Posted by: tomciocco | March 30, 2014

CALIFORNIA DREAMING…OF THE LOIRE…

If you page back through any of my previous posts about wines from The Golden State, you’ll likely be able to read a mini-screed about how California, a place that is a veritable paradise for the grapevine but is unencumbered by centuries or even millennia of stylistic traditions and equally long-term allegiances to local grape varieties, should be focusing on blends made from the furthest flung vine varieties from Portugal to Georgia as long as they are well adapted to the local terroir, rather than imitating any number of celebrated Old World wine styles. Well, that’s what we’ve got here this evening (sort of).

This evening’s wine is a blend of 93% Cabernet Franc and 7% Gamay Noir that is not grown and vinified in one of the most famous California wine regions at the extreme  western, Pacific Ocean-influenced counties like Napa, Mendocino, or Sonoma, but rather in eastern El Dorado county, roughly due east of The Bay Area, but hard by the Nevada border, and not too far from Lake Tahoe. The El Dorado A.V.A. (American Viticultural Area) ranks as the California wine region with the highest average vineyard elevations (between 2,000 and up to 3,000 feet above sea level) in the entire state, and the vine varieties found growing here can, and indeed do conform to this much cooler climate, hence the Cabernet Franc/Gamay blend as opposed to the all-too-common “Meritage” (read “Bordeaux”) blends that proliferate in the aforementioned wine counties, not to mention the Languedoc or Zinfandel/Petite Sirah combinations found in really hot zones like Lodi.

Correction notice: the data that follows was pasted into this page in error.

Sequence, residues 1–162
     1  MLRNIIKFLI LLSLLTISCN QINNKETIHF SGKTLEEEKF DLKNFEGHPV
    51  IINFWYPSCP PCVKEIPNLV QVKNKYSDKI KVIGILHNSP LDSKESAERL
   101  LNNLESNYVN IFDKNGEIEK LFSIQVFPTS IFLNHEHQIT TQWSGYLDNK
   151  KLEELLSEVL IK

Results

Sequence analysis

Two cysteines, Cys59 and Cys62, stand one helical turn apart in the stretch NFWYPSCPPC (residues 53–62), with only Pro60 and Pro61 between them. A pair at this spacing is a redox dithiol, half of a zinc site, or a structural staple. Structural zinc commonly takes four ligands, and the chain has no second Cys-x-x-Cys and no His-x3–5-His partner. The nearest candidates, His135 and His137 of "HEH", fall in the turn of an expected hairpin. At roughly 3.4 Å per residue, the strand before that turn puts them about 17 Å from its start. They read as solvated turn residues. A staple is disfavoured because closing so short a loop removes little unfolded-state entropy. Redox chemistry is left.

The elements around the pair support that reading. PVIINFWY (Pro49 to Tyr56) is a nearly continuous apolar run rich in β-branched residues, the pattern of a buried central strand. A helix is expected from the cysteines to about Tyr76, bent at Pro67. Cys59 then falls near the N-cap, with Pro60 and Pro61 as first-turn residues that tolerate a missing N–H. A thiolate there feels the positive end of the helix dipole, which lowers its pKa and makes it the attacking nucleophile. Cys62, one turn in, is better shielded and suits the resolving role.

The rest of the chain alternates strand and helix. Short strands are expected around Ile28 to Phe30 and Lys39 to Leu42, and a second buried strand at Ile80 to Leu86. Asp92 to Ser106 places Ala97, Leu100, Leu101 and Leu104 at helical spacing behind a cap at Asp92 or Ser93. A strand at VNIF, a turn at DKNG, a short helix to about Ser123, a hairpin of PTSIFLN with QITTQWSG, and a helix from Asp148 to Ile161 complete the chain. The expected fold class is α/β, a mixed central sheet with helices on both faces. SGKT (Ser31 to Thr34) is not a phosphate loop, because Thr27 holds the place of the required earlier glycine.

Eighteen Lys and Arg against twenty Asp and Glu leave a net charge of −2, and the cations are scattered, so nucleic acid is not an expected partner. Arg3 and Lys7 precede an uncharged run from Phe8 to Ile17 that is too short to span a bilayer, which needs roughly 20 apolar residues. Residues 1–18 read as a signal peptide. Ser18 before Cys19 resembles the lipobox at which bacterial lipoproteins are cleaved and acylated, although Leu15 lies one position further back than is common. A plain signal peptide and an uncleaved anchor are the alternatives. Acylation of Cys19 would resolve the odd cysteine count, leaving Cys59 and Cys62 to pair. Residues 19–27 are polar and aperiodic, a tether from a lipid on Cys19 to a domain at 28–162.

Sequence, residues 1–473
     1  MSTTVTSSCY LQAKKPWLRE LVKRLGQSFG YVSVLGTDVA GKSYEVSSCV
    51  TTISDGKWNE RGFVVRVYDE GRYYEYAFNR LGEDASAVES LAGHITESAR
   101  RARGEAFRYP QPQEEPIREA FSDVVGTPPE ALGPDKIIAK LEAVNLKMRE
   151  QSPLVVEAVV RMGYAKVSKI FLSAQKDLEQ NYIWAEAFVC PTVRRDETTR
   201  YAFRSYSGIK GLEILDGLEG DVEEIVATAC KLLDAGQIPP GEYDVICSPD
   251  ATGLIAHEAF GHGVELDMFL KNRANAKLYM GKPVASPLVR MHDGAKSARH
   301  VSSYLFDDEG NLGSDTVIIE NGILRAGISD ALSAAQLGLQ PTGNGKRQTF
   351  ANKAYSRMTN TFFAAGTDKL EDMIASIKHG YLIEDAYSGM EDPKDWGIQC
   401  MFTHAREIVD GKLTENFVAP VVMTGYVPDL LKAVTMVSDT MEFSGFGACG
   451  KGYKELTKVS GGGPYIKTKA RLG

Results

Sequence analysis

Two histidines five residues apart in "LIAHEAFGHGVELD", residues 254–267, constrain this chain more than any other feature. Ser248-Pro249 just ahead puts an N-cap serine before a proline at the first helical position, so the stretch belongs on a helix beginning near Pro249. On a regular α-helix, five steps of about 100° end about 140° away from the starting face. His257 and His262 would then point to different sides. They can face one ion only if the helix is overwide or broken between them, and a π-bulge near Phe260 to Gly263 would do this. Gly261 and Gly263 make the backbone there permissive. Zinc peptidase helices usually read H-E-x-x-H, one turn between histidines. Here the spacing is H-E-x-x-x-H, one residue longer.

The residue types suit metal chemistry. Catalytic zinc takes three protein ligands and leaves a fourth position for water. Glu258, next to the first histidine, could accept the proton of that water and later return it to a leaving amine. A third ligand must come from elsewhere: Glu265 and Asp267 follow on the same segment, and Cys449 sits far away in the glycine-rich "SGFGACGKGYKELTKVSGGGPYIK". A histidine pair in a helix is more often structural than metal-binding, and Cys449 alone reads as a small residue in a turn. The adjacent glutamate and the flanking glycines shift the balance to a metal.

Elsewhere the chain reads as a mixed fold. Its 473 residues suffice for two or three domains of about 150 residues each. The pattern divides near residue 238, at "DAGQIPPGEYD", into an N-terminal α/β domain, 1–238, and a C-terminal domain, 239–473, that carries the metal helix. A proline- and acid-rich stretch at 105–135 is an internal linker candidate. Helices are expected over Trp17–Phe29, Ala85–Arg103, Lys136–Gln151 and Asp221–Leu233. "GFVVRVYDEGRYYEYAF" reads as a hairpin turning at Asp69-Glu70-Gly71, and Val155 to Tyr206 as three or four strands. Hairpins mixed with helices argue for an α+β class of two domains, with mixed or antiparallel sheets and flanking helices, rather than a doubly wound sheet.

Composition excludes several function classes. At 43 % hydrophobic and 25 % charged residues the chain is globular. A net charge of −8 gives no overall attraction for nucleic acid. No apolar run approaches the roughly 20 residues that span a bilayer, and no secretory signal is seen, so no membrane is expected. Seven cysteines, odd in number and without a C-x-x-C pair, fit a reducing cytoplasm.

So even though this wine is not a throw-the-“rules”-out-the-window mix of Tempranillo, Barbera, Tannat or something similar, this wine does represent a rarely-seen-in California Loire-style blend – and a somewhat peculiar one at that with the addition of the Gamay which is a transplant from Burgundy – that perfectly suits its cooler, less sun-drenched climate. Would that there were fewer growers who had decided to plant all that Chardonnay in hot, hot Napa 25 or 30 years ago…

I put this very well-balanced and well-made wine with a first course of a rice salad with a kitchen-sink mash-up of Spring veggies, followed by a main course of a take on chicken-fried steak with vinegar-soured sauteed onions on top, and a pile of pearly hominy grits on the side.

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Aha Wines El Dorado County “Bebame” Red 2012

Just translucent, medium blackish/purple/garnet color. Clean and gregarious nose of blackberry, prune, and red currant preserves with underlying aromas of coal smoke, black licorice, cake crust, honey, cumin, allspice, and very subtle notes of barnyard funk. In the mouth the wine is medium-full in weight, with a plush texture that is very well-countered by a prominent acid/tannin structure that beautifully supports clean but textured and fairly complex flavors of black cherry, blueberry, bitter orange zest, rose water and a fairly intense stony minerality. Long, “sweet” and slightly peppery finish. Nice stuff.

 

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